“Butterfly,” the 1997 album that followed the end of her marriage, marked a turning point in Carey’s life and career. Her wardrobe became noticeably sexier and more glamorous — a far cry from the sneakers, cutoffs and flannel shirt she wore in the music video for her 1993 hit “Dreamlover” — and she seemed to come into her own in terms of musical choices, veering more into R&B and hip-hop.
“Butterfly” also helped establish her personal brand — butterflies remain a symbol for the singer and are incorporated into the graphics on “Mariah’s World.” Several critically acclaimed albums, including a collection of No. 1 hits, followed before her highly publicized “breakdown” as she promoted her 2001 film “Glitter,” a commercial flop. Carey has described the breakdown reports as exaggerated, telling MTV in 2002 that she had merely been exhausted and overwhelmed by a packed schedule.
Call it what you will, but “Mariah’s World” has all the trappings of a reality show. E! goes behind the scenes as Carey prepares to go on a world tour, following the most recent leg of her Las Vegas residency. It takes a lot of people to stage a tour, and each one brings potential drama. Stella Bulochnikov, Carey’s straight-talking manager, is cast as the villain who won’t hesitate to fire anyone. Stella hires her own assistant, Molly, and informs her that she is not allowed to date in her first year on the job, or cry — ever. Molly, portrayed as clueless and inept, breaks both rules before the credits roll. There is also Carey’s newly promoted creative director, plus a slew of backup dancers, singers and other staffers, including the nanny to Carey’s 5-year-old twins with her ex-husband Nick Cannon.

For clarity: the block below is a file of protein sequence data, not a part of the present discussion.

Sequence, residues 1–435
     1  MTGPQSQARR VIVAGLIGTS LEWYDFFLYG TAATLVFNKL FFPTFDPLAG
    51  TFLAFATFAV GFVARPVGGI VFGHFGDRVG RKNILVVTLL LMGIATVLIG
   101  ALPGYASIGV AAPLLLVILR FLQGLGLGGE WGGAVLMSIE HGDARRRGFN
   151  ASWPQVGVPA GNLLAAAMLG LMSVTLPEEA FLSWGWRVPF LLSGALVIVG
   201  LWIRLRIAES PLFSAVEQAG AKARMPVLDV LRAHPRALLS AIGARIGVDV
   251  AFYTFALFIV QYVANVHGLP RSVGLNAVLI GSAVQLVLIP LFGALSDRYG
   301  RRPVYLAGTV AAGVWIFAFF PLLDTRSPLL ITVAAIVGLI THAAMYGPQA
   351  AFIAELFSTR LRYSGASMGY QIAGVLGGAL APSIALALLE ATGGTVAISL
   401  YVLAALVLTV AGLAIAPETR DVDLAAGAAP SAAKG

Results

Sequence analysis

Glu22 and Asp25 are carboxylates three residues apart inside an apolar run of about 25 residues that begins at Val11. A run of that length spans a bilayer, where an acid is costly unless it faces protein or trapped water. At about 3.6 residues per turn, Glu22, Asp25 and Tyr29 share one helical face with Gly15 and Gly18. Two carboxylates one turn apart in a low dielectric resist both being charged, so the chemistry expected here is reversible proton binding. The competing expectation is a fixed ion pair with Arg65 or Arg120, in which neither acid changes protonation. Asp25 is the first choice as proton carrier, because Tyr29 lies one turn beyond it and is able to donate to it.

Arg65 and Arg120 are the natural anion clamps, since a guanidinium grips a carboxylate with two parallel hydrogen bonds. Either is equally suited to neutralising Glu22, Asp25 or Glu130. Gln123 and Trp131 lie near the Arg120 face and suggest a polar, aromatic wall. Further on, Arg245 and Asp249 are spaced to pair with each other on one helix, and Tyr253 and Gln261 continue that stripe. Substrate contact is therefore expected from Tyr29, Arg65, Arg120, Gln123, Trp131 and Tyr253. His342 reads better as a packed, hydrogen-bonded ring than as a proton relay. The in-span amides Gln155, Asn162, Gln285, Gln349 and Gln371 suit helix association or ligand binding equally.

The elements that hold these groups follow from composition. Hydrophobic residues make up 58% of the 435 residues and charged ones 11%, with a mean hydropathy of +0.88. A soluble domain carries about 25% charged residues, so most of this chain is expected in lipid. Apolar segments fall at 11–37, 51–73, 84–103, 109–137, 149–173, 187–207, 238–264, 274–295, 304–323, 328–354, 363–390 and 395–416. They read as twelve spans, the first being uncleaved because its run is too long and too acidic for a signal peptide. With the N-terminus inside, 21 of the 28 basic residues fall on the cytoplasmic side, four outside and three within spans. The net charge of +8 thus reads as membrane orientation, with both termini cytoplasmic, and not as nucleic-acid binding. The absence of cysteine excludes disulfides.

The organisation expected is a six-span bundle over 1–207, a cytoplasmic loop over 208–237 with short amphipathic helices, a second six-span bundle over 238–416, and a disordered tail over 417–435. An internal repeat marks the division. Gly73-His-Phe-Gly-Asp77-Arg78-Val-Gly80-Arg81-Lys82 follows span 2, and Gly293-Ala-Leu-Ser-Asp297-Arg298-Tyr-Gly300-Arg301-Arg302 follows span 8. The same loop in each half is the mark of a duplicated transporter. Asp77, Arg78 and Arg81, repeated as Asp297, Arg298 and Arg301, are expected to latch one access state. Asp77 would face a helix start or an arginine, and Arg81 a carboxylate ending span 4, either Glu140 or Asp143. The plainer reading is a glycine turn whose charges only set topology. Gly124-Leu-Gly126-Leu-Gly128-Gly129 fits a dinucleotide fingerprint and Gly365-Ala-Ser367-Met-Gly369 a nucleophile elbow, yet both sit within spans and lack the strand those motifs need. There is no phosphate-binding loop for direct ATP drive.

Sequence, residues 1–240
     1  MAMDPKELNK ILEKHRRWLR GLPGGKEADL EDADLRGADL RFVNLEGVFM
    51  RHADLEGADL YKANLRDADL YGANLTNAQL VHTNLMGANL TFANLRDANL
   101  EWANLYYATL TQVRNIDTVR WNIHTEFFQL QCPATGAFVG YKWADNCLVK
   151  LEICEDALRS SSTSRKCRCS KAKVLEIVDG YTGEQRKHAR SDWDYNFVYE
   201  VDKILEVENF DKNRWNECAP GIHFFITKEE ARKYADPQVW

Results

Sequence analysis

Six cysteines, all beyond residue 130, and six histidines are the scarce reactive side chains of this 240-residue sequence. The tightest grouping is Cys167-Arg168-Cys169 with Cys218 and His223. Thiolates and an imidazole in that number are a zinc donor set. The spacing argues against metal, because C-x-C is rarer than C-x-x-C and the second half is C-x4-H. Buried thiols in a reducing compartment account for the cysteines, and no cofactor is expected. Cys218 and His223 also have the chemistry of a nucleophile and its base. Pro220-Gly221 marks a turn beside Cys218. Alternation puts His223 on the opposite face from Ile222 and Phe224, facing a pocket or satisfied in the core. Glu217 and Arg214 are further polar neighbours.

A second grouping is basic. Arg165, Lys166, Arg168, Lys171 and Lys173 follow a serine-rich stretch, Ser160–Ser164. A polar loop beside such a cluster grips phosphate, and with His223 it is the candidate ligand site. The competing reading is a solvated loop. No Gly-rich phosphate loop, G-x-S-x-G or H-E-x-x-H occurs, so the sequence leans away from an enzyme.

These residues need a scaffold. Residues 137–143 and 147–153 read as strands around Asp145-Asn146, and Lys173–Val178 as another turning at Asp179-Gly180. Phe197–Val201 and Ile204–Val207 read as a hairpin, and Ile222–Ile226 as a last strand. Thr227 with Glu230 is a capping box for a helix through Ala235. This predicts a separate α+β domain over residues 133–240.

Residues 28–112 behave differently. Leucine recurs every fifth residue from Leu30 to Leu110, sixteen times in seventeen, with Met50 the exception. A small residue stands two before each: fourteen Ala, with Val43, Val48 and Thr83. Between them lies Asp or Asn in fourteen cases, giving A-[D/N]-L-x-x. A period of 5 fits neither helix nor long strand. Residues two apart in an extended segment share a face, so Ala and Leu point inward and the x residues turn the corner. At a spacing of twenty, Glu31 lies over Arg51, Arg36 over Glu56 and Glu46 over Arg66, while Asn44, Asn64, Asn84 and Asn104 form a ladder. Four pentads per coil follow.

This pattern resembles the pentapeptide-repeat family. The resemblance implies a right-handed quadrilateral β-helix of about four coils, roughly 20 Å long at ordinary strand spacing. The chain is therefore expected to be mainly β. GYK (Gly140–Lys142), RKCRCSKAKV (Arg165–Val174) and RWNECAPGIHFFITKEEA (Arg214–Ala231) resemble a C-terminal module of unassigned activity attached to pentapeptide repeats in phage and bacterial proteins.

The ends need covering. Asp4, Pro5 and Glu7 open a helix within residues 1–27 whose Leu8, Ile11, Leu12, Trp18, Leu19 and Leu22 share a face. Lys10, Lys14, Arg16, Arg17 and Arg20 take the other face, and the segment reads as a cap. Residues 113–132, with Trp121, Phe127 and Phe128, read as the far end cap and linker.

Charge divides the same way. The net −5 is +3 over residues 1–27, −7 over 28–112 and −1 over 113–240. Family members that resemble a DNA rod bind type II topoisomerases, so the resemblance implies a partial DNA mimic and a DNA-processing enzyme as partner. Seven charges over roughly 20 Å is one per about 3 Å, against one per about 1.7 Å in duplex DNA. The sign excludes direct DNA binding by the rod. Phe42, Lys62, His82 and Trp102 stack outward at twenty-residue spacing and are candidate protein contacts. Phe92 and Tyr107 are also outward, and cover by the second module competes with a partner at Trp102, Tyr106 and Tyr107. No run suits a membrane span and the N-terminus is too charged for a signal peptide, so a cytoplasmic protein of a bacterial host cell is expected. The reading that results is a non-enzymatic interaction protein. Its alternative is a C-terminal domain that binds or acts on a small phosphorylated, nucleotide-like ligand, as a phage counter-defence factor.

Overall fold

As with the Kardashians, whose personal stories often play out in gossip headlines before making it into the family’s own E! show, Carey has had plenty of recent drama to stoke interest in “Mariah’s World.” The first episode finds the singer struggling to plan her wedding to Australian billionaire James Packer amid her impending tour. When their separation became public in October, People reported that the E! series was a source of tension in the relationship. “Now it’s a whole friggin’ thing,” Carey said during an appearance last month on “Ellen.”
Rumors have also swirled around Carey’s relationship with her longtime backup dancer Bryan Tanaka, who is featured prominently on “Mariah’s World.” Photos of him and Carey engaging in beach PDA surfaced Thursday. Carey declined to address their relationship in an interview Friday on “Today” but joked she was doing so “on the grounds that it may incriminate me.”
Hoda Kotb asked Carey if she had considered pulling the plug on “Mariah’s World” after ending her engagement to Packer. “Oh, I can’t give somebody that much power,” Carey said. Her response hints at one good reason to do this show now — she’s finally in control of her image. So what if that image often comes off as staged? Call it a guilty pleasure if you must, but it makes for great (reality) television.
“Mariah’s World” airs Sundays at 9 p.m. on E!